Skip to main content
ARS Home » Pacific West Area » Albany, California » Western Regional Research Center » Healthy Processed Foods Research » Research » Publications at this Location » Publication #106726


item Bartley, Glenn
item Ishida, Betty

Submitted to: Plant Physiology
Publication Type: Research Notes
Publication Acceptance Date: 6/10/2003
Publication Date: 12/11/2003
Citation: Bartley, G.E., Ishida, B.K. 2003. Zeta-carotene (acc#af195507) desaturase from tomato. Plant Physiology. Vol 121:1384

Interpretive Summary: Lycopene is the predominant carotenoid in ripe tomato (Lycopersicon esculentum) fruit and imparts to the fruit a characteristic red color. The last step in lycopene biosynthesis is the conversion of zeta-carotene via neurosporene to lycopene through the action of zeta-carotene desaturase (ZDS), an enzyme that introduces double bonds at the 7 and 7' carbons, thus creating a chromophore of 11 conjugated double bonds and giving this molecule it's particular optical qualities. Lycopene has been implicated in the prevention of prostate cancer; therefore, interest has been growing in improving the lycopene content of various foods. The gene for this enzyme will help us to study and manipulate lycopene biosynthesis.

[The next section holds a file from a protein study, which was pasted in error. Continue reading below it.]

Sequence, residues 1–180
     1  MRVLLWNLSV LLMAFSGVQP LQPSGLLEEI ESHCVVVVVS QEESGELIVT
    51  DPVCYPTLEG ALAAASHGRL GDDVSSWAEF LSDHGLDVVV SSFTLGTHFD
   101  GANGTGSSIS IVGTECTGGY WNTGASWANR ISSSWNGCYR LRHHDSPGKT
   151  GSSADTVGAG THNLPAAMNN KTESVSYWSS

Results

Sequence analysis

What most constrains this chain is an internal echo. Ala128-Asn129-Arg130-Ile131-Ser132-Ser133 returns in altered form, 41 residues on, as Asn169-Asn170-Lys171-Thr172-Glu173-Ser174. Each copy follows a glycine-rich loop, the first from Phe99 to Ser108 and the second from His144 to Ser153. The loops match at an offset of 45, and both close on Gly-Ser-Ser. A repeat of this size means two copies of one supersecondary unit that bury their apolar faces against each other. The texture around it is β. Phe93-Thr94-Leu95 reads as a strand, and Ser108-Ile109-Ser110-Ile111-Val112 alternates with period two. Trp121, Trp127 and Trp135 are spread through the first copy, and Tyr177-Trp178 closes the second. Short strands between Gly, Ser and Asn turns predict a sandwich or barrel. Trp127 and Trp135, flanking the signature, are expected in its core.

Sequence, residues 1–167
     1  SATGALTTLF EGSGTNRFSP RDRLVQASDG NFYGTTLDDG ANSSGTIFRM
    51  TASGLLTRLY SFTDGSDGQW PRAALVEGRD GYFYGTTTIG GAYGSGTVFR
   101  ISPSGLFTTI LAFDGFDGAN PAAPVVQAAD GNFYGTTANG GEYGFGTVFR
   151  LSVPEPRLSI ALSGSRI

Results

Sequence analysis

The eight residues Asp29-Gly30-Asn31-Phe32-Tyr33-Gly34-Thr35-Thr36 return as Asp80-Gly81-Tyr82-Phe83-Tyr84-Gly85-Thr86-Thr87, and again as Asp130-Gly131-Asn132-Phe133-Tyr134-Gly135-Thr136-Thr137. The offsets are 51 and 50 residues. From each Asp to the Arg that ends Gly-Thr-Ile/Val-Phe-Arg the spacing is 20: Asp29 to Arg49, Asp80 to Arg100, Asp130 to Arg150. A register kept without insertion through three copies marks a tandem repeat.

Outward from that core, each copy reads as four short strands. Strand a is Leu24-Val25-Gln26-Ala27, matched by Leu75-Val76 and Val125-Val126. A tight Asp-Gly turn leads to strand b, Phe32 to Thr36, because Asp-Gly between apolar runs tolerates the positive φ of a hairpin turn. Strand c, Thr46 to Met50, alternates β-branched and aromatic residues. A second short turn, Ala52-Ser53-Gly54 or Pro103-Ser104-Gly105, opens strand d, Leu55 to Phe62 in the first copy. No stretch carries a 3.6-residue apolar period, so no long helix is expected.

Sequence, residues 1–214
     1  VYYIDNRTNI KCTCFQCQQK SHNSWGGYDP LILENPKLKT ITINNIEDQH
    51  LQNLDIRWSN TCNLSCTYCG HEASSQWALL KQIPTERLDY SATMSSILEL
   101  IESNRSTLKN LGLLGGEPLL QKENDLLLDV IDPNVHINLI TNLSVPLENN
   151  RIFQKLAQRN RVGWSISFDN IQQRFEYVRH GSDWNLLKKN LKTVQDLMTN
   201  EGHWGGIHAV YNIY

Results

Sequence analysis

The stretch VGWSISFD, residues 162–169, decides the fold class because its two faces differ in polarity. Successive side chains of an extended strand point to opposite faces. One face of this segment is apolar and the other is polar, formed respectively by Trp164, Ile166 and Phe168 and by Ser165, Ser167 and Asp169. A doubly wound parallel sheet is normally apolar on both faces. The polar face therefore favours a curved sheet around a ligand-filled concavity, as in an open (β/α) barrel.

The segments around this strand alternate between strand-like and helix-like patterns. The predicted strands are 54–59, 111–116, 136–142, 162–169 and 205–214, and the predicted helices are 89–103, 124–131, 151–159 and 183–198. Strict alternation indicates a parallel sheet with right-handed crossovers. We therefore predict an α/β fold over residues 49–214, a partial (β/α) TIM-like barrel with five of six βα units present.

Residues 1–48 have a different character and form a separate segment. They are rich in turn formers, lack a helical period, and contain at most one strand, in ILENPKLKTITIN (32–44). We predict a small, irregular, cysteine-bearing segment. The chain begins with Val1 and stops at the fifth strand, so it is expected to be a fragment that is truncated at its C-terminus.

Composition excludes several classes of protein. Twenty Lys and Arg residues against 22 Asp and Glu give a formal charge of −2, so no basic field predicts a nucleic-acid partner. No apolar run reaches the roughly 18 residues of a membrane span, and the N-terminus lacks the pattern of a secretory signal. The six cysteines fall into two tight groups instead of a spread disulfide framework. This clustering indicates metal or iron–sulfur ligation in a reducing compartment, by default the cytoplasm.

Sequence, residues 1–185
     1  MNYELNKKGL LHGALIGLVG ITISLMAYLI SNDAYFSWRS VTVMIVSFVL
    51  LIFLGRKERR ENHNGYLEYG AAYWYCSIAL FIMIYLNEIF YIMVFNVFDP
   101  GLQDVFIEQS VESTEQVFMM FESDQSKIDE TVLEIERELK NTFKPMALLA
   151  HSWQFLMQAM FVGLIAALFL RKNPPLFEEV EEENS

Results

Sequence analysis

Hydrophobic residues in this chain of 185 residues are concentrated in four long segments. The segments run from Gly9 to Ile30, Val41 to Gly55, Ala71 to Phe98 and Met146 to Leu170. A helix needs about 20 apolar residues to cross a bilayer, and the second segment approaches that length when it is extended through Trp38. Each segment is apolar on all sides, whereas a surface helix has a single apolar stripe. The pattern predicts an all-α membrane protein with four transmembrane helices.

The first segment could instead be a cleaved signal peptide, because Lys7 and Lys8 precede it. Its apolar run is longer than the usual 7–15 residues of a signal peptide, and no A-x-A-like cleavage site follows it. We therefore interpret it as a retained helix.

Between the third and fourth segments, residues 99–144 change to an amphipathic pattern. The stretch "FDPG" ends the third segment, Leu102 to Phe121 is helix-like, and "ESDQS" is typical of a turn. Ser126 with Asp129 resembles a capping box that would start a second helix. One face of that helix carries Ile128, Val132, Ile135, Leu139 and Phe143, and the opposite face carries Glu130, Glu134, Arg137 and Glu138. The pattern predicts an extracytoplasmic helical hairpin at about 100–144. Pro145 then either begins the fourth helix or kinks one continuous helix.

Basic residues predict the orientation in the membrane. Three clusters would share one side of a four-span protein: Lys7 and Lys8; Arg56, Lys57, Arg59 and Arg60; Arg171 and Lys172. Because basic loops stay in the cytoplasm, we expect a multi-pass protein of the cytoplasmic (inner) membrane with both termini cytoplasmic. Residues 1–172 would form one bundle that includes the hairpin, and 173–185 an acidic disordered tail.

Technical Abstract: New cDNA sequencing projects have generated more than 38,000 ESTs from tomato. "Blast" searching of the database of ESTs (dbest) with the amino acid sequence of the Arabidopsis (Arabidopsis thaliana) ZDS revealed 5 ESTs from tomato. The sequence of these ESTs covers the entire coding region of the cDNA for ZDS from tomato. Among other things, this sequence will allow scientists to study the expression of this transcript, express the protein in E. coli, and perform in vitro evolution.